Academic coach helps those with ADHD |

Academic coach helps those with ADHD

— When Michelle Raz’s daughter was diagnosed with ADHD eight years ago, she found few resources to help her daughter work through the pivotal teenage years.

A neurodevelopmental disorder, Attention Deficit Hyperactive Disorder is a condition that causes a persistent pattern of inattention or hyperactivity that gets in the way of daily life or typical development.

Looking for resources, Raz found the Edge Foundation, an organization which set her daughter up with an ADHD academic coach living in Denver. The two communicated over the phone, and Raz soon become interested in the field of ADHD coaching herself.

"I was very intrigued with it," Raz said. "It’s a niche field, and I tend to like new ideas."

Raz underwent a life coaching training from the Edge Foundation before getting training in ADHD coaching, learning a lot about the prevalence of the disorder.

October is designated as ADHD Awareness Month, following a 2004 designation from the United States Senate.

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Recent statistics from the Children and Adults with Attention-Deficit Hyperactive Disorder organization show that 9 percent of children ages 3 to 17 and 4.4 percent of adults have been diagnosed with ADHD.

Previous diagnoses of Attention Deficit Disorder now are considered just as another presentation of ADHD.

Raz said the statistics probably show a smaller number than actually have ADHD because until recently, it was thought that adults couldn’t have ADHD. Experts thought that it was a disorder children had but grew out of, meaning most adult diagnoses are new.

Now in her fifth year of ADHD coaching, Raz focuses on high school and college students and adults looking for more organization in their life or career.

Currently, Raz coaches clients in Steamboat Springs and remotely, using Skype, follows up with each client through texts, emails or phone calls between weekly meetings.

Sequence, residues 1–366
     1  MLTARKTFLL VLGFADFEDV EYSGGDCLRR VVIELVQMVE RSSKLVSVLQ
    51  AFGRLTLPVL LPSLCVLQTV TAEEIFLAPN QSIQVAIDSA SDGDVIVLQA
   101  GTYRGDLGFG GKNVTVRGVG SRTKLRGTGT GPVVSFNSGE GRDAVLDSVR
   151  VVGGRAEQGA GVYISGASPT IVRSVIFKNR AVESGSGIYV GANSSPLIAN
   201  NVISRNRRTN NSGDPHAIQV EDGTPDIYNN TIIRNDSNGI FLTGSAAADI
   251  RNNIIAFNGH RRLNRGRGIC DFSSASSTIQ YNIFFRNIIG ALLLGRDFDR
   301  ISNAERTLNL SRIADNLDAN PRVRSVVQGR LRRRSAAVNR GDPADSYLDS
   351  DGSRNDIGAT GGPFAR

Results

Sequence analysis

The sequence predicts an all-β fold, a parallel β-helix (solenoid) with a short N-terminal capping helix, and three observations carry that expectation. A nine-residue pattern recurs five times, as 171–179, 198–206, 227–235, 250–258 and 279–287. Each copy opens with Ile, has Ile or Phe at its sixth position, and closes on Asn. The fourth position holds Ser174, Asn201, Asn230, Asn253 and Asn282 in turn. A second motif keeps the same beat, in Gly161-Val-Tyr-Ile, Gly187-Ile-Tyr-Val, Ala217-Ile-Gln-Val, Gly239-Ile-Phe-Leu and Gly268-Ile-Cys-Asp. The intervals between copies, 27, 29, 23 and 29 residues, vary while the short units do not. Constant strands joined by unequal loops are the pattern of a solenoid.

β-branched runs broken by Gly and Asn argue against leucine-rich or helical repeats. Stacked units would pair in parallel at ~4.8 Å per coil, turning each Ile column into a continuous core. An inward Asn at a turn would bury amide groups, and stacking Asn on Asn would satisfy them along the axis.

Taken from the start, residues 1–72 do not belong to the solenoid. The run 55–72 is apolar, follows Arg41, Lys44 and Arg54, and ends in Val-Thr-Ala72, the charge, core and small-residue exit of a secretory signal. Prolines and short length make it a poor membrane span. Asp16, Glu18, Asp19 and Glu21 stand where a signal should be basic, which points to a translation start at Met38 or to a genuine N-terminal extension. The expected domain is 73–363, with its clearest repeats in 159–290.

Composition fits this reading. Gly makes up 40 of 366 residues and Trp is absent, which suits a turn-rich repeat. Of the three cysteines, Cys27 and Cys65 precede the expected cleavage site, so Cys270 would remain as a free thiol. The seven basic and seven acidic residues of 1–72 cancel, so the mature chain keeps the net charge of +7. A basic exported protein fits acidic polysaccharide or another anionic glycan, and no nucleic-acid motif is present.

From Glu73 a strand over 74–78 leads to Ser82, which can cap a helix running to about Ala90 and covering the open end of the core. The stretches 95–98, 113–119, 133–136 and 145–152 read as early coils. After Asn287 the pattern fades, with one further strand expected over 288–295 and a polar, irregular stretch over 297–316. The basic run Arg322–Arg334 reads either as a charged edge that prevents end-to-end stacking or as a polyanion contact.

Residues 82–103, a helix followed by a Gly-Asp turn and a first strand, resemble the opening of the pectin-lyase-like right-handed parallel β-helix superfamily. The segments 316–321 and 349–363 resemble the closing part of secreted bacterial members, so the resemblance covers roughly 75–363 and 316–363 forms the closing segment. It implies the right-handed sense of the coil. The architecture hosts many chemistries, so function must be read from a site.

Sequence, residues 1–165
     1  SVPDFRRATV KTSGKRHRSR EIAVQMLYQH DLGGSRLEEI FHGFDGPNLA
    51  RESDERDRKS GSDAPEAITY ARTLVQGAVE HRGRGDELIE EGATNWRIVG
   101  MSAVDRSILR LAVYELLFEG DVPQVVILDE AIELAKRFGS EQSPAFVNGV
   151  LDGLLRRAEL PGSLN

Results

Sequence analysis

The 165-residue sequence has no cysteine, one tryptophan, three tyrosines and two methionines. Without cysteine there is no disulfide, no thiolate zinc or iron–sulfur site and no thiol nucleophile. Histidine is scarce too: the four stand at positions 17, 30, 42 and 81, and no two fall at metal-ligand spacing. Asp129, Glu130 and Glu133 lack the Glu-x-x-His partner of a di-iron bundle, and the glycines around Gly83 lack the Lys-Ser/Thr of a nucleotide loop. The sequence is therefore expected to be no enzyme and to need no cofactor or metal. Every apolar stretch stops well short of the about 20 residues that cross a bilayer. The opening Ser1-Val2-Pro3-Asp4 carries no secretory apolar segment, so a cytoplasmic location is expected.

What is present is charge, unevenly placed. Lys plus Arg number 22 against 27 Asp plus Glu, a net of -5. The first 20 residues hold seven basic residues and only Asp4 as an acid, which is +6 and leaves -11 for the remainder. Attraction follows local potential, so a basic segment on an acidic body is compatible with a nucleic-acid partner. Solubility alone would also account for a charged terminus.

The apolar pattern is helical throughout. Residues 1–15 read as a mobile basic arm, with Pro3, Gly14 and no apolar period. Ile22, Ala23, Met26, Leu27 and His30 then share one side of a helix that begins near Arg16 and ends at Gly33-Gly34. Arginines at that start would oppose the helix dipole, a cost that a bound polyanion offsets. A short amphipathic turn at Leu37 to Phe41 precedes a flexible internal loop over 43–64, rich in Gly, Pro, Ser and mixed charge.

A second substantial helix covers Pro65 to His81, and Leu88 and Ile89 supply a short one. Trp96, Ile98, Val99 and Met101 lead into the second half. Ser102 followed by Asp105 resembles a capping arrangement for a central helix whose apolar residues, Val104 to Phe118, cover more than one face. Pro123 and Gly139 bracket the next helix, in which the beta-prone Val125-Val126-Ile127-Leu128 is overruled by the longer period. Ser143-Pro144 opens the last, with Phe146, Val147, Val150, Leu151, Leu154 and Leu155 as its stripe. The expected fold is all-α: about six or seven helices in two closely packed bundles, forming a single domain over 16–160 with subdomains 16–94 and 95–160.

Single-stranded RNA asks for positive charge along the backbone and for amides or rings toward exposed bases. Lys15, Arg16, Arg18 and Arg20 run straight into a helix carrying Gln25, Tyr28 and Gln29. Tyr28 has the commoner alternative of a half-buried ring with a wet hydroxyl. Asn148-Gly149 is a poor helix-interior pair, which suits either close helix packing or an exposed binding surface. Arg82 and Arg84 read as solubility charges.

"It’s really catching on," said Raz, who recently took on a 27-year-old client from Michigan and is working with her youngest student yet, a Steamboat Springs eighth-grader.

Raz teaches what she calls "executive functioning skills" like organization, goal setting and prioritizing, things that people with ADHD tend to struggle with.

"They become independent and develop self-management skills," Raz said. "I provide the structure and the support."

With most students, Raz works off a Google document that helps visually organize a student’s classes or an adult’s week, for example. She uses a color-coded system to identify tasks that are in progress or accomplished.

"These students are high-functioning if you can get them harnessed in," Raz said.

Word-of-mouth has brought Raz many of her clients, who typically work with her for about a year.

She often communicates with other practitioners such as psychiatrists, nurses and therapists, along with parents when working with a particular client.

Raz said that diagnosis of the disorder is complicated, with a full psychiatric evaluation typically costing more than $1,000.

Diagnosis is dependent on a variety of symptoms, which can present themselves slightly differently in adults and children. While many people exhibit occasional symptoms associated with the disorder, diagnosis involves a persistent struggle that impacts the daily life of sufferers.

"We all have tendencies at some time," Raz said. "But the true ADHD person — it impacts them."

With the proper support, people with ADHD have an amazing potential and tend to be more hands-on, creative people.

"They’re people that stand out in a crowd," Raz said. "It can be a gift."

To reach Teresa Ristow, call 970-871-4206, email or follow her on Twitter @TeresaRistow

Symptoms of ADHD in children and adults

• Fails to give close attention to details or makes careless mistakes

• Has difficulty sustaining attention

• Does not appear to listen

• Struggles to follow through on instructions

• Has difficulty with organization

• Avoids or dislikes tasks requiring a lot of thinking

• Loses things

• Is easily distracted

• Is forgetful in daily activities

• Fidgets with hands or feet or squirms in chair

• Has difficulty remaining seated

• Runs about or climbs excessively in children; extreme restlessness in adults

• Difficulty engaging in activities quietly

• Acts as if driven by a motor; adults will often feel inside like they were driven by a motor

• Talks excessively

• Blurts out answers before questions have been completed

• Difficulty waiting or taking turns

• Interrupts or intrudes upon others

Source: American Psychiatric Association